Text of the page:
August 2014: ShrineMont. After dinner, I thought about walking the labyrinth. I stepped on the entrance stone, but paused and turned around. I hiked to the cross instead, solo, this time actually stopping at each station of the cross to pray. It was an amazing, contemplative hike on a hot and humid evening which made me sweat and pant and simply long to reach the cross as a respite. When I had that thought, I paused to take in the irony. Not the cross of atonement. Respite. Rest. When I reach the top, the sun is starting to sink toward the horizon at mountain level. I rest…literally…against the cross, drink some water, and allow it all to sink in: my journey, my lessons, my relationships, my divine longing and yes…even my divine wanted-ness. I am sobbing again. I have only one thing to say: I am yours. The answer is already Yes.
He revives my soul and guides me along right pathways for his Name’s sake.
June 2015: My head is spinning with seminary details, and reading and scheduling cross-country visits in sync with my new four year life calendar. I am so overwhelmed. I think: Just stop, Sarah. Just stop, I wonder if it’s all just too much. And then, a calm comes over me and I feel myself stop. I stopped begging for a sign that this was the right path. I just noticed that the palpable presence of God was still unshakably with me, even with all my human worries of the unknown and uncertain parts of this new adventure. All shall be well.
Though I walk through the valley of the shadow of death, I shall fear no evil;
for you are with me; your rod and your staff, they comfort me.
Ember Letter, Lent 2017: As the weeks have passed since John Bishop’s death, there has been shock, sadness and anger: sometimes at him, more often at the addiction, or at the availability of street drugs powerful enough to kill a grown man in seconds; really, we are angry at our own human brokenness. I am reminded that this is why we are held in the enormity of divine love and grace, because we cannot make all of this right in our own limited power. I often think of Bryan Stevenson’s quote from Just Mercy, “we are all more than the worst thing we have ever done.” I prayed those words as I moved closer toward those who were grieving, shocked, angry, convicted, terrified. John’s death has been transforming for many, many people in our congregations and to leaders of feeding and support programs in this city. I can only speak, as I reflect in this letter, how deeply it has transformed me and invited me even more deeply to seek and serve Christ in ways that can only be profoundly experienced by proximity.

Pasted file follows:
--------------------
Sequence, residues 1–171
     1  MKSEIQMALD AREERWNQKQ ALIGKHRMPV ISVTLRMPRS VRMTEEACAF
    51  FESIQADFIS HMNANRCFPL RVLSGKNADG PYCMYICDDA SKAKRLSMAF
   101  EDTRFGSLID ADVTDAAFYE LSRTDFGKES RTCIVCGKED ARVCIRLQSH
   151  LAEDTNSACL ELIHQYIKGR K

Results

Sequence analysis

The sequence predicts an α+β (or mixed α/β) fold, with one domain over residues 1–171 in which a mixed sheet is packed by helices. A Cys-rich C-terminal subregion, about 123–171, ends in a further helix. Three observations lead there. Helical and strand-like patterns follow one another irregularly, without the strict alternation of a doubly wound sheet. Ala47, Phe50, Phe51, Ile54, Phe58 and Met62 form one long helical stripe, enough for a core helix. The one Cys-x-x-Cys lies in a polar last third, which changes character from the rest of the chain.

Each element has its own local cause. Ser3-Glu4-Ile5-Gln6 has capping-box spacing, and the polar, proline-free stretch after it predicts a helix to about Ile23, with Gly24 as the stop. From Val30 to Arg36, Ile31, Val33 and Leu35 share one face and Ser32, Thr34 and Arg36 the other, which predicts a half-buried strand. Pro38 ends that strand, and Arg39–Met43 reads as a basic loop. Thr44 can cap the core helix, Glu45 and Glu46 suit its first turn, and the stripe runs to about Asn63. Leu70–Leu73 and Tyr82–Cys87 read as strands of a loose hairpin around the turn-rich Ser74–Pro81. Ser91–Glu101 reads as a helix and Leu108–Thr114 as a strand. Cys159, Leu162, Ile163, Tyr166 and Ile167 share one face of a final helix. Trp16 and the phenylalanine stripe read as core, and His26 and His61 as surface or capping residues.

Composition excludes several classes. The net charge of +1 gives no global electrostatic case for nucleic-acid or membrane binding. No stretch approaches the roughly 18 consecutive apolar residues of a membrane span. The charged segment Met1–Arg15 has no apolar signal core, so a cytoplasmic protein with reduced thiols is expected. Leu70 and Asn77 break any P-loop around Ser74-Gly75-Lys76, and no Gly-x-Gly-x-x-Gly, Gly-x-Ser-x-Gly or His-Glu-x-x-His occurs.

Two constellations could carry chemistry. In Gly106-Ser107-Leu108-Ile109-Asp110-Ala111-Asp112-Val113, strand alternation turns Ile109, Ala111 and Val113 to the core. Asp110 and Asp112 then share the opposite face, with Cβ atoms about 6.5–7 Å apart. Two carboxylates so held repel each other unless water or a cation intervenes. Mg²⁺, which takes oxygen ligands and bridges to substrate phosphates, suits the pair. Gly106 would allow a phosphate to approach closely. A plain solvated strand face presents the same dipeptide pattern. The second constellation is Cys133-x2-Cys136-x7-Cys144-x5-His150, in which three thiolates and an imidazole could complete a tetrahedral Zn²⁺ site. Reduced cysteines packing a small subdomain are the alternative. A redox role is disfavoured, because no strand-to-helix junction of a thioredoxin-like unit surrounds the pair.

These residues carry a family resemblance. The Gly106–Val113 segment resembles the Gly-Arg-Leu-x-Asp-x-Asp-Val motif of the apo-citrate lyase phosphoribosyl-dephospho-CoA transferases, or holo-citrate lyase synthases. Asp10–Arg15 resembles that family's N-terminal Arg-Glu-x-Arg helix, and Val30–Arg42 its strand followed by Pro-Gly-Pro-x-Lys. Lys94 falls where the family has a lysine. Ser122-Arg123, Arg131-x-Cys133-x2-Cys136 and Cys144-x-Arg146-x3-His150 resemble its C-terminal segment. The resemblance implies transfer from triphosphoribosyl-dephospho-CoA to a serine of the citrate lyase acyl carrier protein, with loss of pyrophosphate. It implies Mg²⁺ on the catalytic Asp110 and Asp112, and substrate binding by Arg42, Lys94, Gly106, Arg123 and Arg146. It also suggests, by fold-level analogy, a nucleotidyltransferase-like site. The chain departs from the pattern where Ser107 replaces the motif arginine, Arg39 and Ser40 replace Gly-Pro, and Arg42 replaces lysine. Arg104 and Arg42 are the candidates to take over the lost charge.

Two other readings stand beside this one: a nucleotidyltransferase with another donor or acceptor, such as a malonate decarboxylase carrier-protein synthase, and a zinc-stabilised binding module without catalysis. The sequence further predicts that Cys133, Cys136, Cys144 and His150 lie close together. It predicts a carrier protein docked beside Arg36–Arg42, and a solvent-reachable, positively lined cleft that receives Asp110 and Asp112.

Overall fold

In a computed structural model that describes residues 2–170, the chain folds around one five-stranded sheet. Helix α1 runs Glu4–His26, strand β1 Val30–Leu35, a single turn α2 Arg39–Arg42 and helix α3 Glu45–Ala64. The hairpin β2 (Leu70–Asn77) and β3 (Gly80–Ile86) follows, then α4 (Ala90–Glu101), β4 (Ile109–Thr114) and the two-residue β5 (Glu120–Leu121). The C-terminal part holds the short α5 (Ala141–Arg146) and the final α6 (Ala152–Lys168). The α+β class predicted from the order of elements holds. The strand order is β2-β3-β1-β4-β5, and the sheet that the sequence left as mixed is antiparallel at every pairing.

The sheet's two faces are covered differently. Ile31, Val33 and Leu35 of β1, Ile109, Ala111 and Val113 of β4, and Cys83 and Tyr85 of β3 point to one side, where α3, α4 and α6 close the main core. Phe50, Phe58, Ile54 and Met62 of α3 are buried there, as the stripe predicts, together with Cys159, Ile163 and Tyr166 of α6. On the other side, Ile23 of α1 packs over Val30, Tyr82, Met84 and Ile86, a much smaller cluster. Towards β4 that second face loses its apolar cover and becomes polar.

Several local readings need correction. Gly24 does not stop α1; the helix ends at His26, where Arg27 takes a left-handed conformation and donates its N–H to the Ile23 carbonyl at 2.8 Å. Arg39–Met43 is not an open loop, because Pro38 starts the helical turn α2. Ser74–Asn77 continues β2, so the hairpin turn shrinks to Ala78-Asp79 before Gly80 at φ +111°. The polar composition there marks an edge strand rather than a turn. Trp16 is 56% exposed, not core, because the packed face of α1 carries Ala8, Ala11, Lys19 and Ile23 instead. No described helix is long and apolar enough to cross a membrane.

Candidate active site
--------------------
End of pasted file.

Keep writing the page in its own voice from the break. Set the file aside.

You spread a table before me in the presence of those who trouble me;
you have anointed my head with oil,and my cup is running over.
Monday, November 19 2018: I began this chapter of my life as a deacon one week and two days ago. It has been such a hard semester for me at VCU and yet something shifted last week. Even the people and situations that have weighed so heavily on me seem somehow more bearable. Honestly, I have never felt such profound joy and peace as I did in the moments of time where I knelt between the candles, surrounded by the choir, feeling the depth of prayer and invocation of the Spirit around me. It was profoundly humbling, and utterly transformative. It was as if joy rushed in to fill the spaces left as the residual bits of the non-essential parts of my life fell away.
Surely your goodness and mercy shall follow me all the days of my life,
and I will dwell in the house of the Lord for ever.
Sunday, May 12 2019: Here I stand today after one of the most grace-filled and moving experiences of my life surrounded and supported by community. And it is goodness and mercy which surround me on this first Sunday as a priest. I am grateful to be here with you; grateful for the places and contexts in which I will serve. There is grace in the coming together of vocation in my life as new opportunities are on the verge of unfolding and to know that the journey continues with community to accompany me, and prayer to enfold me.
Jesus, who is our Good Shepherd: the sheep of your fold hear your voice. You have been, are now, and will continue to lead us, guide us and call us by name. We know you. We follow you. We love you.